Homeless in Dhaka: Violence, Sexual Harassment, and Drug-Abuse
Koehlmoos, Tracey Pérez, Uddin, Md Jasim, Ashraf, Ali, Rashid, Mashida, Journal of Health Population and Nutrition
Bangladesh has experienced one of the highest urban population growth rates (around 7% per year) over the past three decades. Dhaka, the capital city, attracts approximately 320,000 migrants from rural areas every year. The city is unable to provide shelter, food, education, healthcare, and employment for its rapidly- expanding population. An estimated 3.4 million people live in the overcrowded slums of Dhaka, and many more live in public spaces lacking the most basic shelter. While a small but growing body of research describes the lives of people who live in urban informal settlements or slums, very little research describes the population with no housing at all. Anecdotally, the homeless population in Dhaka is known to face extortion, erratic unemployment, exposure to violence, and sexual harassment and to engage in high-risk behaviours. However, this has not been systematically documented. This cross-sectional, descriptive study was conducted to better understand the challenges in the lives of the homeless population in 11 areas of Dhaka during a 13-month period from June 2007 to June 2008. A modified cluster-sampling method was used for selecting 32 clusters of 14 female and male respondents, for a sample of 896. In addition to sociodemographic details, this paper focuses specifically on violence, drug-abuse, and sexual harassment. The findings showed that physical assaults among the homeless, particularly among women, were a regular phenomenon. Eighty-three percent of female respondents (n=372) were assaulted by their husbands, station masters, and male police officers. They were subjected to lewd gestures, unwelcome advances, and rape. Male respondents reported being physically assaulted while trying to collect food, fighting over space, or while stealing, by police officers, miscreants, or other homeless people. Sixty-nine percent of the male respondents (n=309) used locally-available drugs, such as marijuana and heroin, and two-thirds of injecting drug-users shared needles. The study determined that the homeless are not highly mobile but tend to congregate in clusters night after night. Income-generating activities, targeted education, gender-friendly community police programmes, shelters and crises centres, and greater community involvement are suggested as policy and programmatic interventions to raise the quality of life of this population. In addition, there is a need to reduce high rates of urban migration, a priority for Bangladesh.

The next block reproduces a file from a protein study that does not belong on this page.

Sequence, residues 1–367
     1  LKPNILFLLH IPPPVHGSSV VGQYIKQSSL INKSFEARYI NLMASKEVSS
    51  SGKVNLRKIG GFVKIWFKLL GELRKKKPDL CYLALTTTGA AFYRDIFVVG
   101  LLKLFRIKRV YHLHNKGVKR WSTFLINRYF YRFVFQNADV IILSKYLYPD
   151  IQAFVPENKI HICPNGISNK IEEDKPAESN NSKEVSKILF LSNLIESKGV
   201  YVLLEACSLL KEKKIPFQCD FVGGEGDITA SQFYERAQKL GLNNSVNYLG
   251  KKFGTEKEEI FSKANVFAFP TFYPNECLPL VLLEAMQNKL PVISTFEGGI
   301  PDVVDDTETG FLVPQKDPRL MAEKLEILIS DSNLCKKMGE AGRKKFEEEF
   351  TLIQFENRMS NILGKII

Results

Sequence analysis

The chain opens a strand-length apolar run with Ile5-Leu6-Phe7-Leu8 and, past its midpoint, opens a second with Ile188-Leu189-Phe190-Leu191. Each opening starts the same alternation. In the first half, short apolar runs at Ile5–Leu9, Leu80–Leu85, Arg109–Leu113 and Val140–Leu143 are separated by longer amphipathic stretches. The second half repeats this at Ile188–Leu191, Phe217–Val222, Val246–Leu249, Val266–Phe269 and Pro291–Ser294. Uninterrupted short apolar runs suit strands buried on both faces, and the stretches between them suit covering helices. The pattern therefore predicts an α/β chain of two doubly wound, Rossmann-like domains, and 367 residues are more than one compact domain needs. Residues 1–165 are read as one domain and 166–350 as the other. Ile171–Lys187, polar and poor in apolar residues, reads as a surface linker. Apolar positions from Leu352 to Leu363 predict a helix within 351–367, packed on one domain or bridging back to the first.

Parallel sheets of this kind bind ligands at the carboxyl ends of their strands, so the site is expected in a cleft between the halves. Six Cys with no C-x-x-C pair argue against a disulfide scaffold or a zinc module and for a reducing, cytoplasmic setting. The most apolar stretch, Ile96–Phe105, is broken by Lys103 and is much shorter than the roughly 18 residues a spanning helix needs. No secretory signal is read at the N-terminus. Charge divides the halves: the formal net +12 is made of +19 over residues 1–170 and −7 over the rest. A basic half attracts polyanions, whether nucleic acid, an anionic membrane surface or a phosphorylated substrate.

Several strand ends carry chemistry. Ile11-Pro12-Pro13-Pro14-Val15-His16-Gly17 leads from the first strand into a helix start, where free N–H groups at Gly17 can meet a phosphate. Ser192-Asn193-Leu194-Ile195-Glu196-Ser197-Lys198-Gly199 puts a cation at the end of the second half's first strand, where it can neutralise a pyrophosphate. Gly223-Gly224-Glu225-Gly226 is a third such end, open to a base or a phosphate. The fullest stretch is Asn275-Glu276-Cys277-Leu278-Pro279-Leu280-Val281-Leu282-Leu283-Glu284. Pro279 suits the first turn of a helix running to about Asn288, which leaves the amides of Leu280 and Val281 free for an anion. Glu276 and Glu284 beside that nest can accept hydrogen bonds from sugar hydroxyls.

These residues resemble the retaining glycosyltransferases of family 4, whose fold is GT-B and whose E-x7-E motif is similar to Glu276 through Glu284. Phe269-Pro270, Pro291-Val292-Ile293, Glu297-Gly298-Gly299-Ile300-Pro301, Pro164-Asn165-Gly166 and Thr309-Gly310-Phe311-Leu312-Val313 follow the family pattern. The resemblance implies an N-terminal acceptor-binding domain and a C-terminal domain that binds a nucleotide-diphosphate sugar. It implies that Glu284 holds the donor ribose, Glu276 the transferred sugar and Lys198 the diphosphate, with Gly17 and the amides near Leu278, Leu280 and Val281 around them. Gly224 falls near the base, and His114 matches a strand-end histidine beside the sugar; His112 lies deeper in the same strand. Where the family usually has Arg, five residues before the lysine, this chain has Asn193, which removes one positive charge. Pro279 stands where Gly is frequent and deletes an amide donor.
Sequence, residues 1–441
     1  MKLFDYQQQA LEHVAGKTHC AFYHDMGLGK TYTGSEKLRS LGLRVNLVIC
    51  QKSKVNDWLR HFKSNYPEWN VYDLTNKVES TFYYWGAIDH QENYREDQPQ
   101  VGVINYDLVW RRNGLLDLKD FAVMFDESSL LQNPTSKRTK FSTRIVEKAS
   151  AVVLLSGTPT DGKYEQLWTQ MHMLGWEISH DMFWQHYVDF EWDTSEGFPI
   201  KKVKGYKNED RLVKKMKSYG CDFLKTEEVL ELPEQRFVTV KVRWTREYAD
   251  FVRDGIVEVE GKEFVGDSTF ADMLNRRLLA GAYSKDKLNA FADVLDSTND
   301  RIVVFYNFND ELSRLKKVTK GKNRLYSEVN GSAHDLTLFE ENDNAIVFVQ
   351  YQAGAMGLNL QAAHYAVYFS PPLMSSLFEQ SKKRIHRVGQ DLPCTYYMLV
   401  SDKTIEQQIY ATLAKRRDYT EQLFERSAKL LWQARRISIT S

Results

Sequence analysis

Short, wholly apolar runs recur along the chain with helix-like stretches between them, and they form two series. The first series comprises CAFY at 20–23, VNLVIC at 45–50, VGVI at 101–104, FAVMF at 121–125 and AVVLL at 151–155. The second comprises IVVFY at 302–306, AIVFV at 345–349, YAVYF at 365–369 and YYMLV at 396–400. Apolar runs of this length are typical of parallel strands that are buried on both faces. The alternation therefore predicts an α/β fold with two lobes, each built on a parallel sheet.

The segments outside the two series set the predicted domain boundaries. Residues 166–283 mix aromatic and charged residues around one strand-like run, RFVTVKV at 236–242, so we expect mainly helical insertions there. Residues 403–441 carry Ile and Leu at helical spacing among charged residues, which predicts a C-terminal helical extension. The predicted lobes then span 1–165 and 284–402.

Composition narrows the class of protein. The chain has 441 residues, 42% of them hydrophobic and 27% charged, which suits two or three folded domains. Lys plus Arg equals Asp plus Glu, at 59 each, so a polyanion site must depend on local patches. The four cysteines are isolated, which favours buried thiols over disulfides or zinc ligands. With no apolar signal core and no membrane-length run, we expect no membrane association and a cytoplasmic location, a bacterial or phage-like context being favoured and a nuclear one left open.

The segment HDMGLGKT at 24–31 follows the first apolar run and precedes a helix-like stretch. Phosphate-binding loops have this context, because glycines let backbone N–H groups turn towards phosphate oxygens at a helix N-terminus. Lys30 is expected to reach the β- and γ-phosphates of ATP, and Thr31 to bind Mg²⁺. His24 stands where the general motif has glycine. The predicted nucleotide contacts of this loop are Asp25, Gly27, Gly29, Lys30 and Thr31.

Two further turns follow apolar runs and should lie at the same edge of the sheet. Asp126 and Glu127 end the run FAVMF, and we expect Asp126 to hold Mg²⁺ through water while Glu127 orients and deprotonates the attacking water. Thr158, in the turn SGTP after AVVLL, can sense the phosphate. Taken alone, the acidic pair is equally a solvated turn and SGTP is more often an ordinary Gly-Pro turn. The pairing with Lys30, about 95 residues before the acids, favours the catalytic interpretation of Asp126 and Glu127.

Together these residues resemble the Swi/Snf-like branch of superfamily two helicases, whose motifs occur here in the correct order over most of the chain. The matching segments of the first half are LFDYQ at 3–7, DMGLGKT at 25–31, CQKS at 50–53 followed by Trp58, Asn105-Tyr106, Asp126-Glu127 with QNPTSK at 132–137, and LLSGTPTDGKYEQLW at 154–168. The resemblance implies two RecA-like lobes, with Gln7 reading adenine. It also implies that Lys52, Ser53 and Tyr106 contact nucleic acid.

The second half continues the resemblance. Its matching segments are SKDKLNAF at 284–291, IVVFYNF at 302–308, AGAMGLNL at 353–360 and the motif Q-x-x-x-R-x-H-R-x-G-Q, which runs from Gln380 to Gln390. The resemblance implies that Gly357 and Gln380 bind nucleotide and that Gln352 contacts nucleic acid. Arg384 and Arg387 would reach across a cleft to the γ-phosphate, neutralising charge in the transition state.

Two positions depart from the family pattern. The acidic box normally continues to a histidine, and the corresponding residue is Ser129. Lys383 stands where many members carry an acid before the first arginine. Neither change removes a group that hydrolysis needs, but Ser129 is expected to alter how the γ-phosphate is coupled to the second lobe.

Key words: Cross-sectional studies; Descriptive studies; Developing country; Homelessness; Sexual harassment; Substance-abuse; Violence; Bangladesh
Globally, more people now live in urban areas than in rural areas. Over the past few decades, most lowincome countries have experienced a rapid population growth without adequate expansion of public services, and many cities in the developing world lack the infrastructure necessary to support high levels of urban population growth. As a result, globally, more than one billion people live in informal settlements or urban slums (1,2). Many others live where they can-at railway terminals and busstations, at ports, and in empty markets, parks, and stairways.
In almost every major urban centre of Bangladesh, tens of thousands of people live in overcrowded slums or public spaces that lack basic facilities, such as safe water, sanitation, and health services (3). Bangladesh has experienced one of the highest urban population growth rates (around 7%) in the last three decades compared to a national population growth rate of about 1.5% per year (4). In Dhaka, an estimated 37% (n=9,136,182) of the total metropolitan population in 2007 lived in slums (5). Dhaka continues to grow as a mega-city, with approximately 320,000 migrants annually. More than three-quarters of migrants find shelter in urban slums or do not find shelter at all. Employment, shelter, and accessibility to basic services for the growing urban poor populations-those who live in informal settlements and those who are homeless-are critical issues yet to be fully addressed by policy-makers in Bangladesh (6). …